New technology to detect Parkinson's

Posted 2 months ago by Liz Alderslade

The web app and mirror will help reduce physical appointment visits with doctors and occupational therapists for people with Parkinson's [Source: Lookinglass]
The web app and mirror will help reduce physical appointment visits with doctors and occupational therapists for people with Parkinson's [Source: Lookinglass]

A new Artificial Intelligence (AI) mirror is being developed to detect symptoms of Parkinson’s diseases in the home.

The AI mirror is an extension of the web app which was launched in late March to detect early stages of Parkinson’s disease, and is being created at the University of South Australia’s Innovation and Collaboration Centre in Adelaide by Lookinglass.

The aim of the mirror is to reduce physical appointment visits with doctors and occupational therapists.

Both the web app and the mirror will make life simpler for people living in remote locations.

Chief Executive Officer Kelly Carpenter says the app, and mirror when it is released, are a welcome improvement to telehealth technologies and for occupational therapists working with patients in regional areas.

“The problem for occupational therapists is in the ability to remotely assess patient movement using manual technology,” says Ms Carpenter.

“Our solution removes the manual effort for diagnosis and reduces error caused by ineffective communication technologies.

“We want to help communities that need it the most by removing the barrier to accessing expert healthcare.”

Lookinglass will create a digital display visible through the mirror and can ask the user to do evaluation exercises.

Exercises test for symptoms of Parkinson’s are based on standardised tests implemented by occupational therapists and doctors.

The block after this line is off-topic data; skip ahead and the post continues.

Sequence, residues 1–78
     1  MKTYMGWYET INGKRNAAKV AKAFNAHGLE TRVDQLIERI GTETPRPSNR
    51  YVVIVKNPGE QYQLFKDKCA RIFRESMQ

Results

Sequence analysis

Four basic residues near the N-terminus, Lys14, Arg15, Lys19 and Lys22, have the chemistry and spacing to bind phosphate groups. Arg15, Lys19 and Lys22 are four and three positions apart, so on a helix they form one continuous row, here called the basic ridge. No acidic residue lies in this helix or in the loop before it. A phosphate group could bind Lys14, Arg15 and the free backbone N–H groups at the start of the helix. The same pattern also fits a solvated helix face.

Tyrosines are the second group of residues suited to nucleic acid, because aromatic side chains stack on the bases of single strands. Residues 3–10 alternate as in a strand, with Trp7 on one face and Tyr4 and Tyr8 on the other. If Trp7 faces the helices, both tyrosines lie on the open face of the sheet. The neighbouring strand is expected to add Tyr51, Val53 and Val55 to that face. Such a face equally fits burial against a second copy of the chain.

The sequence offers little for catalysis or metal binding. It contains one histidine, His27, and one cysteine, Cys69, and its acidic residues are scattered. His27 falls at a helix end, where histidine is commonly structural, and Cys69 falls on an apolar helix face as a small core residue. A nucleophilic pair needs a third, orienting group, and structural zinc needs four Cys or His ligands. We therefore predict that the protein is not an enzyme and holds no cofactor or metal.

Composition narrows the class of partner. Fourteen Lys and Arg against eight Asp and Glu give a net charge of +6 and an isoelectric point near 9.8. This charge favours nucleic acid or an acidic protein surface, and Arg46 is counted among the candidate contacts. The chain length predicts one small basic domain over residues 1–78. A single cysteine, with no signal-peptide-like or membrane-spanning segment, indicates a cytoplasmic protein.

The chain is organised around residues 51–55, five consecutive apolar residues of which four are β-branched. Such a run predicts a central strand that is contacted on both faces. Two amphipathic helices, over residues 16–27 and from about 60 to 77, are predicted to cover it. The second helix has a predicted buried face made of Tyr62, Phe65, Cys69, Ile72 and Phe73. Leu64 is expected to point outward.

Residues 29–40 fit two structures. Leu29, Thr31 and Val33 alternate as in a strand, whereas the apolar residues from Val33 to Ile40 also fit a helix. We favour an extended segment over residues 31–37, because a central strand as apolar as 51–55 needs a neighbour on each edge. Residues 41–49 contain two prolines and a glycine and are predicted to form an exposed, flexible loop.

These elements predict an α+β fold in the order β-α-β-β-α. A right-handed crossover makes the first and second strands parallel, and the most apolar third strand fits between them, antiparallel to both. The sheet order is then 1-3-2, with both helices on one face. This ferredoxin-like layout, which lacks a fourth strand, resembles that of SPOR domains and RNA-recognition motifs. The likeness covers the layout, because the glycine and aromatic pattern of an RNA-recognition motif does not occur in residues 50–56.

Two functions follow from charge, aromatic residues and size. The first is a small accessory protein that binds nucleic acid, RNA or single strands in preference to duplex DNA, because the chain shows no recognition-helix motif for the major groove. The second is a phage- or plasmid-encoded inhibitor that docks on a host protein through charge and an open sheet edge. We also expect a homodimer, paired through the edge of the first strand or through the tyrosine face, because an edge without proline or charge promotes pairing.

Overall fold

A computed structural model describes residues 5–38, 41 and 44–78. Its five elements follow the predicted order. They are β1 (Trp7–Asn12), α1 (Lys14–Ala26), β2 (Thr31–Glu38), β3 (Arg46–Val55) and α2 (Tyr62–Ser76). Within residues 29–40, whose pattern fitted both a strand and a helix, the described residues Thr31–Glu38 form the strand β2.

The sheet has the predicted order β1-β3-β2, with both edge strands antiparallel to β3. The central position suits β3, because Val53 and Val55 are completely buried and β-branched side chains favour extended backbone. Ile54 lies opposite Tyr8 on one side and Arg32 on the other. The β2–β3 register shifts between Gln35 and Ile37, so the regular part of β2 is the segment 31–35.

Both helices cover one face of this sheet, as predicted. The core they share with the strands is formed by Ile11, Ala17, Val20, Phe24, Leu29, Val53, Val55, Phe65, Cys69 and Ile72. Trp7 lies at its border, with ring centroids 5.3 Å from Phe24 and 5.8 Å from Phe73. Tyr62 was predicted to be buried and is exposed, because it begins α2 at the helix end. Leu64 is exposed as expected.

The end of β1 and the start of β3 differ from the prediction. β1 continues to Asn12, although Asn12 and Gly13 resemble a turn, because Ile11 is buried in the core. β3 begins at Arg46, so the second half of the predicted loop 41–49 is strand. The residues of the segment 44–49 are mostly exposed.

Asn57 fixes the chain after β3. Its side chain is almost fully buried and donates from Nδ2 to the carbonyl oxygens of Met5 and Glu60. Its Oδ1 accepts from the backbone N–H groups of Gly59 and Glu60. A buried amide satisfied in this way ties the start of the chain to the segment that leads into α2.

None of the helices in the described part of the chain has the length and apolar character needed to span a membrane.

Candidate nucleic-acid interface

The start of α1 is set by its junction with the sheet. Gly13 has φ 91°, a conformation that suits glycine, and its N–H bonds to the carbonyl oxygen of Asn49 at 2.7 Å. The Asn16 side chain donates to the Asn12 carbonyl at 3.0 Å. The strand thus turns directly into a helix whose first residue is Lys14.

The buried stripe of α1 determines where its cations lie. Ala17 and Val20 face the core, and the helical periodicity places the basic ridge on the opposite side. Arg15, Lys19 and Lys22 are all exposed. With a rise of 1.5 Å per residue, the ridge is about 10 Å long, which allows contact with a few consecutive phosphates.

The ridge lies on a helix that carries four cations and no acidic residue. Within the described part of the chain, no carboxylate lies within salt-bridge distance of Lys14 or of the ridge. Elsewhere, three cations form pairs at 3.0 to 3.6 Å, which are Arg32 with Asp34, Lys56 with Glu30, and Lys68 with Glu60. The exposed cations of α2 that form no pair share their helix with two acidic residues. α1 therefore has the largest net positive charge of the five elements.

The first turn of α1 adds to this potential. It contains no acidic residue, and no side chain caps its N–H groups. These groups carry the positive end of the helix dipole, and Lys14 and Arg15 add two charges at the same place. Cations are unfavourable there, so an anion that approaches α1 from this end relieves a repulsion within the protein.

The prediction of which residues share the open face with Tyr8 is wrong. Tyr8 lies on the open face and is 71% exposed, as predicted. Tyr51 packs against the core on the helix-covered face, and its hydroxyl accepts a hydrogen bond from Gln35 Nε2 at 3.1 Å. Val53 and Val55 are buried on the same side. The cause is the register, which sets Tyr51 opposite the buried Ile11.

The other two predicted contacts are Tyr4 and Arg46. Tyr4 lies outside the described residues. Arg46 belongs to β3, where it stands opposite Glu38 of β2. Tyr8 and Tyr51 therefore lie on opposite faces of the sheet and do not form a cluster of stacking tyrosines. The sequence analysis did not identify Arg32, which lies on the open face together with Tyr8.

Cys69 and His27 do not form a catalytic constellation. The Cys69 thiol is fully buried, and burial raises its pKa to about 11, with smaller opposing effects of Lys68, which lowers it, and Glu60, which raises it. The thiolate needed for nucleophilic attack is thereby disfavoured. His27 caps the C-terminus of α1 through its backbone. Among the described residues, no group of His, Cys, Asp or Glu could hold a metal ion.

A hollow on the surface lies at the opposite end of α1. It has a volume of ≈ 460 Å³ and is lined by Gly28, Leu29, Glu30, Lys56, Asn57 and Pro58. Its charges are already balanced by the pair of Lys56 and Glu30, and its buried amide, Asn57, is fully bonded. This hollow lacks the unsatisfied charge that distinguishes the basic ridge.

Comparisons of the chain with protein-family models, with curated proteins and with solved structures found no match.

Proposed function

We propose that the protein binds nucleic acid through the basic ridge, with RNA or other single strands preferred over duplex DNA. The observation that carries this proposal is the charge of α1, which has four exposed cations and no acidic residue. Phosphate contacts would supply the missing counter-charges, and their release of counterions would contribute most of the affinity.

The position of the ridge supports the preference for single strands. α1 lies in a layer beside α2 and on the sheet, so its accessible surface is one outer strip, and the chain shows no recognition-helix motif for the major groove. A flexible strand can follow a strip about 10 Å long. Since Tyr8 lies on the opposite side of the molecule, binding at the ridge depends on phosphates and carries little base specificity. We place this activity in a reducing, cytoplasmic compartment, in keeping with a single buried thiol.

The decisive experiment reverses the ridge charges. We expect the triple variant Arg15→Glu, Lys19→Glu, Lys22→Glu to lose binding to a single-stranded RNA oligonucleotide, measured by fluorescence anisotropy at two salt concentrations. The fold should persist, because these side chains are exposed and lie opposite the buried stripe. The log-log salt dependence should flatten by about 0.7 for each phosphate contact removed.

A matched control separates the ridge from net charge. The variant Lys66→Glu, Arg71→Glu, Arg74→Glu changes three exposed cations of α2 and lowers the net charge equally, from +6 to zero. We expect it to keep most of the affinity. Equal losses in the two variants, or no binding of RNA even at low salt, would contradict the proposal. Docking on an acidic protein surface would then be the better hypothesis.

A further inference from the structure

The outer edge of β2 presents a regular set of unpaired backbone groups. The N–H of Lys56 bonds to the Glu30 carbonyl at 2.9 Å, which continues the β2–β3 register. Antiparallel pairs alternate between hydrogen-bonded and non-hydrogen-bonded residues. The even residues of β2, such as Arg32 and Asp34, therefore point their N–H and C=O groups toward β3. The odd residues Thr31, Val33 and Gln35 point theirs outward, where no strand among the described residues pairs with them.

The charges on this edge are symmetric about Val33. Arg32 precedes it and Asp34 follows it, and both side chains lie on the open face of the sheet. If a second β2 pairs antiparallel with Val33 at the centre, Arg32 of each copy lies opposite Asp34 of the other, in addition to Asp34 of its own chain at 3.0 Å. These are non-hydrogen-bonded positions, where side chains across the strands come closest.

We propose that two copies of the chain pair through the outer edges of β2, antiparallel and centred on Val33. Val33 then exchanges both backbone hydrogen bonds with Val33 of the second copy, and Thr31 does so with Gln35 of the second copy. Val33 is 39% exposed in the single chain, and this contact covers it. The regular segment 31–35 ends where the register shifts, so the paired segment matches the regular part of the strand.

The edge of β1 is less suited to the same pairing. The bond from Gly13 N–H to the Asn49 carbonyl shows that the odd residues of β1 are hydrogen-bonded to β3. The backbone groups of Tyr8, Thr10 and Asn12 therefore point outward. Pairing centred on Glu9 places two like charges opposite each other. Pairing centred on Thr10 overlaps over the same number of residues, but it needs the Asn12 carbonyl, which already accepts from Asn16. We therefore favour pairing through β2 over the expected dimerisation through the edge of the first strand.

The person performs everyday tasks or structured exercises in front of the camera and an AI-driven computer programme in the mirror assesses the video for signs and severity of symptoms.

Family members and health professionals can access the web interface and view a “movement skeleton” of the motion along with the corresponding report.

The web app works in a similar way with users uploading a video recording, which tracks the movement while uploaded and compares the information with known Parkinson’s symptoms.

Chief Technology Officer of Lookinglass, Simon Cullen, an artificial intelligence and computing specialist, says the mirror has two ways of evaluating someone, either in a passive way by watching them doing their normal routine or through active games.

“It’s difficult for people in remote locations to access telehealth solutions and Parkinson’s disease makes it especially difficult for users to be able to push a button or press a touch-pad. Our mirror will remove these barriers to accessing expert healthcare.”

The mirror software and web app has been tested for Parkinson’s disease with 16 occupational therapists and at nursing homes in South Australia.

At the end of the year, the Lookinglass company hope to have an advanced prototype of the mirror ready.

Lookinglass want to get people involved in the project, go to their website to fill out an online form and register your interest.

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